Lifestyle, not medicine, is key to good health

A new book outlines a 21-day lifestyle plan based on the example of Pioppi, an Italian village known for healthy living

As London prepared for the Olympics back in 2012, politicians and public policy figures expressed hope that the momentum of the Games would help spur interest in sports and health across communities. However, some critics took to media channels to highlight the hypocrisy at the heart of it all: that the Games’ biggest sponsors included McDonalds and Coca-Cola, not exactly the patron saints of healthy food.

Dr. Aseem Malhotra, an outspoken cardiologist, championed the call for such organisations to be banned from Olympic sponsorship, highlighting major diabetes and heart disease problems that existed in Newham, the East London Borough, where the Games were scheduled.

The model village

Pointing out inconsistencies between health policy and the road map to achieving improved health is a theme that Dr. Malhotra has returned to time and again, most recently in his book, The Pioppi Diet, where he and anti-sugar campaigner and filmmaker, Donal O’Neill, return to Pioppi, the Italian village with strikingly high life expectancy and low rates of cardiovascular disease.

Protected by UNESCO — first made famous by Dr. Ancel Keys in the 1970s — for new takeaways on the secret to living a well and healthy life, the book outlines a 21-day “lifestyle plan”. This includes weeding out processed sugars and refined carbohydrates from diets, and incorporating breathing exercises, fasting and specific “movements”. This, they argue, can help reduce the risk of type-2 diabetes and heart disease.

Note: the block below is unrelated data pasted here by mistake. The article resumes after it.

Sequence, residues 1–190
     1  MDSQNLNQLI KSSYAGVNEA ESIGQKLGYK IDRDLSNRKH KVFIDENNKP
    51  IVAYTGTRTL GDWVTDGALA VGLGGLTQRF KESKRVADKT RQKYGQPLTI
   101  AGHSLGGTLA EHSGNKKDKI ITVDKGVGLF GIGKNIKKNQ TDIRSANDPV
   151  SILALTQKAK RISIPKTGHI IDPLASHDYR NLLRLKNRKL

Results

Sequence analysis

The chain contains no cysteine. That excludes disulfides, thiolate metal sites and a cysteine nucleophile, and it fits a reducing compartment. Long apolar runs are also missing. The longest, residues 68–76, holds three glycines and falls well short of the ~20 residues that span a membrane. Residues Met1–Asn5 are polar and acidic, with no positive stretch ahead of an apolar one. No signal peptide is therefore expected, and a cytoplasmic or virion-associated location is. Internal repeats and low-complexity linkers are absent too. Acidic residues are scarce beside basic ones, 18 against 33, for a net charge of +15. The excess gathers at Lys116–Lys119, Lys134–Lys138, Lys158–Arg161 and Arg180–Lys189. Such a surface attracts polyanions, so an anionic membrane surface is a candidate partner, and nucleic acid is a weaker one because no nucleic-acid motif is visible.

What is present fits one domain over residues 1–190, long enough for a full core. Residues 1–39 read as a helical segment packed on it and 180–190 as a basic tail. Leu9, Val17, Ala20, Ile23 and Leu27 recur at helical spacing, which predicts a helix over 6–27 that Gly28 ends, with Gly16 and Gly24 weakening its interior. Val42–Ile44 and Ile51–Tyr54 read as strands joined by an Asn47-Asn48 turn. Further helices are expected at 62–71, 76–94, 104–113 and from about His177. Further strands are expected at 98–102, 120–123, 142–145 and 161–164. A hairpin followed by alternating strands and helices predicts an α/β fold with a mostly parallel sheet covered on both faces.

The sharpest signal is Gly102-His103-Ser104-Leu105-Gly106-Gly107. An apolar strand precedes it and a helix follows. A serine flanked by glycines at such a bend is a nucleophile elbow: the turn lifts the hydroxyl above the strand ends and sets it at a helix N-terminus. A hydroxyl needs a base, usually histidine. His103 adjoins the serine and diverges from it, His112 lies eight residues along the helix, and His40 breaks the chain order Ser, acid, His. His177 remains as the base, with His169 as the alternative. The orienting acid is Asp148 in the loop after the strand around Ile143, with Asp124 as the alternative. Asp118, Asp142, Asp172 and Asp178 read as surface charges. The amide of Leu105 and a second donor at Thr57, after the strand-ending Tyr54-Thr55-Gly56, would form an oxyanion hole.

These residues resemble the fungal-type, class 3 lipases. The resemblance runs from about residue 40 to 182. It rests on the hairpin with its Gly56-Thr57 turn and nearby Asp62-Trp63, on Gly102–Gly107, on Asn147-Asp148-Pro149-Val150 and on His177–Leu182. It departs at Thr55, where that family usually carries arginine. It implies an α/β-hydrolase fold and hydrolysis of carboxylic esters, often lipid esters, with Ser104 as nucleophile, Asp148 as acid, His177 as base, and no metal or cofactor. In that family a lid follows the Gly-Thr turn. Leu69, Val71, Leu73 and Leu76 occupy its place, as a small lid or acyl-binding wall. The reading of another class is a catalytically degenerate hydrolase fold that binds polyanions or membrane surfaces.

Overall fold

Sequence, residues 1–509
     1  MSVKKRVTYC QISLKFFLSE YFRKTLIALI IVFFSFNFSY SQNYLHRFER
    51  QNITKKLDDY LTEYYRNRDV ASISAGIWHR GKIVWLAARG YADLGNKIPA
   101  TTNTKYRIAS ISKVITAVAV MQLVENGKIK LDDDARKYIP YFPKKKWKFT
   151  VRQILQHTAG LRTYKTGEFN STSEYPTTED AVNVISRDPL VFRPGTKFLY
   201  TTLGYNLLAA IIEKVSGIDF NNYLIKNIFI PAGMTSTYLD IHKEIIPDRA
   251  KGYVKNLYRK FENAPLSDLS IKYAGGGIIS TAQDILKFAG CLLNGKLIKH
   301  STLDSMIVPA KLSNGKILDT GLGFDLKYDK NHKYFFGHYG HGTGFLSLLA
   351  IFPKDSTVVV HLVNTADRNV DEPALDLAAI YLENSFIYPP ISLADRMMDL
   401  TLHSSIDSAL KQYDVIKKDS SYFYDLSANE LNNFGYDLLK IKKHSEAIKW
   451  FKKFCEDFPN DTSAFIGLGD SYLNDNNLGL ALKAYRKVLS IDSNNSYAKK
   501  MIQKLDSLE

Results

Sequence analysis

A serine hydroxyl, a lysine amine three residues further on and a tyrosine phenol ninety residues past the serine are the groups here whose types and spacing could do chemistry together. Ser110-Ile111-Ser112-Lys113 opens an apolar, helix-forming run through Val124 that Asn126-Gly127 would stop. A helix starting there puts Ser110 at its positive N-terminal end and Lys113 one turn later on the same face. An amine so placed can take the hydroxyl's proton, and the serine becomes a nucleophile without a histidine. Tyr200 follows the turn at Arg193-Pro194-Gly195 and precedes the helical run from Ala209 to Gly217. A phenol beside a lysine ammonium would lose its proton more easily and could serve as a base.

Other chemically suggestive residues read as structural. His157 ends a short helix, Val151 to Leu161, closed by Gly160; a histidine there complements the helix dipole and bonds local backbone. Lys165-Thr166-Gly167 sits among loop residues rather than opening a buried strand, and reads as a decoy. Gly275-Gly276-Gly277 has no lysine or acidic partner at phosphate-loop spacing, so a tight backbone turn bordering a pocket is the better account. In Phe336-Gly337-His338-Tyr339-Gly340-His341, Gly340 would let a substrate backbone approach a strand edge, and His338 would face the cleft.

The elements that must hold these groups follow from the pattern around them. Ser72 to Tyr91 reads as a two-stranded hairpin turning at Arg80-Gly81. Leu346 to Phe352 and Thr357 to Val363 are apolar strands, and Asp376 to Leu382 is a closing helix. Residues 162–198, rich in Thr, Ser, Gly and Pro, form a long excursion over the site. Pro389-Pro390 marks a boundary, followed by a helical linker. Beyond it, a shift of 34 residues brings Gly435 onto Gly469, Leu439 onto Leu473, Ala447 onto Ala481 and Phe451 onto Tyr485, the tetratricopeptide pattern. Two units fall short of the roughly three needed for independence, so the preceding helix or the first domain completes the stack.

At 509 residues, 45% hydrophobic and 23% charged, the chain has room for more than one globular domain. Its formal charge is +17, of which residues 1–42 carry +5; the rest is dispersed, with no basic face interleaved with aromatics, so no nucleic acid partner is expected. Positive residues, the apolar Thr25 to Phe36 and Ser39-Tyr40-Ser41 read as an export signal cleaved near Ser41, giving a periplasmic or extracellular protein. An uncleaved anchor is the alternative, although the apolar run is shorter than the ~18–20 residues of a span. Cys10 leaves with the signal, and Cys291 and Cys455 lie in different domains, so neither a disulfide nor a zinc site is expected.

Intriguingly, the book does not rule out saturated fats (ghee, butter, and cheese are among the ingredients included in ‘recommended’ recipes), arguing that fat in unprocessed food is a “crucial” provider of essential fats, while dietary fat has little impact on raising glucose and insulin. “Saturated fat does not clog the heart arteries,” the book advises. They also argue that cholesterol has been wrongly vilified since Keys correlated heightened total cholesterol concentration with coronary heart disease. “If you haven’t had a heart attack and you don’t suffer from heart disease, taking a cholesterol-lowering statin will not prolong your life by a single day,” Dr. Malhotra emphasises.

While the dangers of overmedication are an issue touched upon in the book, it’s a topic close to Dr. Malhotra’s heart, and one that he’s visited on a number of occasions, including most recently in an article in The Pharmaceutical Journal. Published earlier this year (alongside two other medics), it challenges the medical wisdom of wantonly prescribing statins, arguing that despite the extensive developments of medicines to reduce LDL cholesterol there is “no consistent evidence for clinical benefit with respect to either events or mortality.”

“There are so many things wrong with modern medicine… what we do often has marginal benefits at best,” he said at a meeting in central London, estimating that “at least 50% of our health care problems would be resolved if we changed lifestyle and reduced prescribed drugs.” In fact, he argues, the cost of overmedication and consequent side-effects adds greatly to the pressures on already-stretched health-care systems much more than acknowledged. The medical world’s relationship to statins are a clear example of this, he argues, with the drugs giving patients the “illusion of protection,” often leaving them with the feeling that they can simply continue to eat as they wish rather than adopting a healthier lifestyle.

The same goes for diabetes, he argues. “I’ve seen people come off type-2 diabetes with simple lifestyle changes after being on insulin for over 20 years.”

Teaching lifestyle practices

Key to changing things will be revamped government policies (he points to Britain’s plans for a sugar tax as of 2018 as an important forward development) and a reappraisal of medical education. “The significance of lifestyle simply isn’t taught at medical school,” he says. But that’s probably due to a system of distorted incentives among medical specialists, he averred. “Doctors have a responsibility to protect people from the misuses of medicine… but it’s difficult to get a person to understand something when their salary depends on not understanding it.”

Post Author: James Bark

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